2. Secondly, we take into account the fact that better penalty takers take more penalties. This can also be observed from Fig-2, where conversion rate tends to be higher in players with more total penalties. This is a problem because it makes us overestimate players with few penalties and to underestimate players with a lot of total penalties. To address this issue, we will use beta-binomial regression, a technique that basically incorporates the number of total penalties in building the prior distribution.




The two above-described transformations are illustrated in Fig-5. From left to right we have:

  • 1st graph: initial estimation of conversion rates,
  • 2nd graph: conversion rates after combining prior distribution to each player’s data,
  • 3rd graph: conversion rates after taking into account the number of total penalties by each player.

From Fig-5 we can see that what we basically did was moving all conversion rate estimates towards the average trend line by narrowing the initial range of conversion rates into a new one. As you may notice, not all players are uniformly influenced by this procedure. Players with a relatively large number of total penalties tend to be less affected, following the logic that for them the initial conversion rate is much more representative.

We need to emphasize that all this analysis is based on the assumption that all the penalties are the same, i.e. they are taken under the same conditions and the probability to convert penalties into goals is the same. This is not true, of course, but it is an acceptable assumption to be made. Some of the factors that influence the difficulty scale of a penalty are: the quality of the goalkeeper; game state and situation; psychological factors; weather conditions; etc. We are neglecting all these factors.


The approach that we followed in the previous section allows us to build a probability distribution of the conversion rate for each player. These are called posterior distributions and are created by combining the prior distribution with the individual data (what we previously discussed). Let us take few examples.

Fig-6 shows the conversion rate distribution for Roberto Baggio and Lionel Messi compared to the prior distribution of all players. What Fig-6 tells us is that Baggio is probably a better penalty taker than Messi (Baggio’s curve is on the right). It also tells us that Messi is a worse penalty taker than the average of the players included in the dataset (his curve is on the left of the dashed curve).  Baggio’s curve being higher and narrower simply shows that he took more penalties (133) than Messi (107). Actually, Baggio is the player with most total penalties in the dataset, followed by Cristiano Ronaldo (128) and Totti (113).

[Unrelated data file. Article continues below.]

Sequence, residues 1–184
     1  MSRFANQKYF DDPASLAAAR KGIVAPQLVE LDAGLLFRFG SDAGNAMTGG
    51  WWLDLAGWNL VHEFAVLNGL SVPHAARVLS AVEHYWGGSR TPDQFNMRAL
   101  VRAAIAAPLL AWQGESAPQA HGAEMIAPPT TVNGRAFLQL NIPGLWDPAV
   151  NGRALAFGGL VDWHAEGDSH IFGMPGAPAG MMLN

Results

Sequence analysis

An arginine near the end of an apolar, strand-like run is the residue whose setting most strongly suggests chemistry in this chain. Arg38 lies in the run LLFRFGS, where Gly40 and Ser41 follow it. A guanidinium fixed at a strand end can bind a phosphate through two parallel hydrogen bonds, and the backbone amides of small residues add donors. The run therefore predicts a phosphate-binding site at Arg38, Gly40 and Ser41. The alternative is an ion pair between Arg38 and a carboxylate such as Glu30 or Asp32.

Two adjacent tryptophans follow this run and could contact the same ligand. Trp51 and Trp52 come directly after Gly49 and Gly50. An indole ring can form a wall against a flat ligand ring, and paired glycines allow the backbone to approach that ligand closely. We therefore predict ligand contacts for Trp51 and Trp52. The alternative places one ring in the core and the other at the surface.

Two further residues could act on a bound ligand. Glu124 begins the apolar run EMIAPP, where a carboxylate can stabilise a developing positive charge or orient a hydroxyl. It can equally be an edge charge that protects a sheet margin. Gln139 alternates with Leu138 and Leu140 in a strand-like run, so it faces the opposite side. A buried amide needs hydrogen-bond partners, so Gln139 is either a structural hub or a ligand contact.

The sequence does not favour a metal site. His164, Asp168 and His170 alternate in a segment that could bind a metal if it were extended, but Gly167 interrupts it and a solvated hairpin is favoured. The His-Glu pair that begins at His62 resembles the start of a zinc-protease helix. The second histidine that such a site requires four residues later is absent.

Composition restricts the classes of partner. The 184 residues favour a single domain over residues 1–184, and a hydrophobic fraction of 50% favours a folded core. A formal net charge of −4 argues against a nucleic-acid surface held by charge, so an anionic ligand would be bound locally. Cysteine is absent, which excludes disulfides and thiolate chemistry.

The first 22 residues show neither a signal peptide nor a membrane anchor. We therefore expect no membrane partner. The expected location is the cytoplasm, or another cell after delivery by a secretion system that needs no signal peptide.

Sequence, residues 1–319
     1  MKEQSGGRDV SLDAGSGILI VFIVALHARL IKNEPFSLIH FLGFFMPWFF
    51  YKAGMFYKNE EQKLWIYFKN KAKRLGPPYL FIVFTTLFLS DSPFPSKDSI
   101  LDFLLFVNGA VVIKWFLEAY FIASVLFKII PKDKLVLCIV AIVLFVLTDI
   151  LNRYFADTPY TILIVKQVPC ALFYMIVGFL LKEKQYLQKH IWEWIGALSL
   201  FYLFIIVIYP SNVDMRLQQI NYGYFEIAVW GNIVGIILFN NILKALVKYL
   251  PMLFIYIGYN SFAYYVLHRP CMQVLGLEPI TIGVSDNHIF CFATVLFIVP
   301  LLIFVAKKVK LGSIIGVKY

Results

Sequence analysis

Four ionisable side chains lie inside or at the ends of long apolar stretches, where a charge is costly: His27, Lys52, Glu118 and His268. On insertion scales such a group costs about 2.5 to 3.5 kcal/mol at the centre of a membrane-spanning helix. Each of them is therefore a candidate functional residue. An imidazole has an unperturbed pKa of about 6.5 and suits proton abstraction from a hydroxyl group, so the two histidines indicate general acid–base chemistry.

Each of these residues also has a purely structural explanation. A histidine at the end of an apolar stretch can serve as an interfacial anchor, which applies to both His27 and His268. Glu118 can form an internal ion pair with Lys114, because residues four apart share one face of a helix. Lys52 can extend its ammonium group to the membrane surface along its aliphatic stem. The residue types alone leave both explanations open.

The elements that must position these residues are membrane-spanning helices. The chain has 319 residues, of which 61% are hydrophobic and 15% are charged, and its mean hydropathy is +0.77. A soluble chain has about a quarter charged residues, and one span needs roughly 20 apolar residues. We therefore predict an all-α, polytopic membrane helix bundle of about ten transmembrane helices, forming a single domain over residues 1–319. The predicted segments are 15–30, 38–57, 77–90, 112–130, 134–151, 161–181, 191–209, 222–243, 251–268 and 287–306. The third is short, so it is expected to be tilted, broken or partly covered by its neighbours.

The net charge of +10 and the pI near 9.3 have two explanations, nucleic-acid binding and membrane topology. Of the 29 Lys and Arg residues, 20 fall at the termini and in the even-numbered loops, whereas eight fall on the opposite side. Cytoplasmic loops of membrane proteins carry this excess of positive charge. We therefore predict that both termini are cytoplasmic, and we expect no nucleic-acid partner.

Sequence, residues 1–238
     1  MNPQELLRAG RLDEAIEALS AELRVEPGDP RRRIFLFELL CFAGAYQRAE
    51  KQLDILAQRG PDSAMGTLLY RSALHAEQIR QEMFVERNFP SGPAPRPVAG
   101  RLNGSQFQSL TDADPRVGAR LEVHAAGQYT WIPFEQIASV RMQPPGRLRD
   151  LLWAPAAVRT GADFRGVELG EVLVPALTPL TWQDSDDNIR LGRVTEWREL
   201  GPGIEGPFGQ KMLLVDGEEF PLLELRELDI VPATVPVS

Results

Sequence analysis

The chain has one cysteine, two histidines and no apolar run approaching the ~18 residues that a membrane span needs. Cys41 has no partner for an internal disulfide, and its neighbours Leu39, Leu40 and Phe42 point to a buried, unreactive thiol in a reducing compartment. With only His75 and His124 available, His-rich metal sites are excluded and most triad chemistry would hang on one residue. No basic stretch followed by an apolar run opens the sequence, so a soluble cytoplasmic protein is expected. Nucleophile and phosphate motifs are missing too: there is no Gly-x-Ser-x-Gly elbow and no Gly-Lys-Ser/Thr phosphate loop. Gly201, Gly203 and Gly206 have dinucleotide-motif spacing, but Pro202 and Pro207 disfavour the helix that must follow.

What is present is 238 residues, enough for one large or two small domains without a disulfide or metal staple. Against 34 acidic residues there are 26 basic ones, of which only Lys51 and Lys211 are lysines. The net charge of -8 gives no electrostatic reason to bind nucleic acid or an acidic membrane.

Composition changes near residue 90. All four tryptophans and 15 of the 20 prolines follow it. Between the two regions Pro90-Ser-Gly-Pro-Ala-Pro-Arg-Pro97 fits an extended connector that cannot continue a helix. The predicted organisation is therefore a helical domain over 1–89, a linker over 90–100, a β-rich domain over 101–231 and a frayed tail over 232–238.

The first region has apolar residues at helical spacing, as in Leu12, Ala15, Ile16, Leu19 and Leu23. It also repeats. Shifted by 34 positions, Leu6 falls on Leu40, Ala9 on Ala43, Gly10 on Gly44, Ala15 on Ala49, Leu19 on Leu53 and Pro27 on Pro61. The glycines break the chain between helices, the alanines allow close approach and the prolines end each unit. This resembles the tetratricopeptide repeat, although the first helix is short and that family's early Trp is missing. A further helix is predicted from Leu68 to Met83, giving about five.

Fig-7 shows another example of comparing conversion rate distribution curves featuring Mat Le Tissier, Diego Armando Maradona and Marek Hamšík.



These distribution curves enable us to compare penalty takers to each other but, sometimes, such comparisons are visually difficult to be made, especially if we have more than 3 players (curves). One way to avoid this is by building credible intervals for each player. They show the range of values within which a player’s conversion rate lies with a certain predefined probability (this predefined probability can be set to 90%, 95%, 99%, etc). Fig-8 shows the median conversion rate and the 95% credible intervals for the top ten and bottom ten penalty takers (out of 484 players in our database).



According to this analysis and to the dataset we have used, Cuauhtémoc Blanco (71 scored out of 73 total penalties) is our best penalty taker. If you don’t know who he is, click here for some magic. Blanco is followed by Graham Alexander (77/83) and Matt Le Tissier (49/50). The three worst penalty takers are Marek Hamsik (7/15), Marino Perani (10/19) and Edin Džeko (7/14).

A more complete list of the top 100 penalty takers is shown in Fig-9. Maybe you can find your favorited player there.



Another way of using each player’s conversion rate probability curves is by calculating the probability that one player is a better penalty taker than another. For example, if we refer to Fig-6, we can calculate that there is 87.1% probability that Baggio is a better penalty taker than Messi. Also, according to our results, we can say that Blanco is probably the best penalty taker in the world, but we cannot say that with absolute certainty. What we can say is that, from all the players we have considered and according to our methodology, Blanco has the highest probability of being better than the rest (around 66% probability that he is a better penalty taker than Alexander and Le Tissier (and so on).

As a conclusion, if my World Cup would depend on one final penalty, I would let Cuauhtémoc Blanco take it.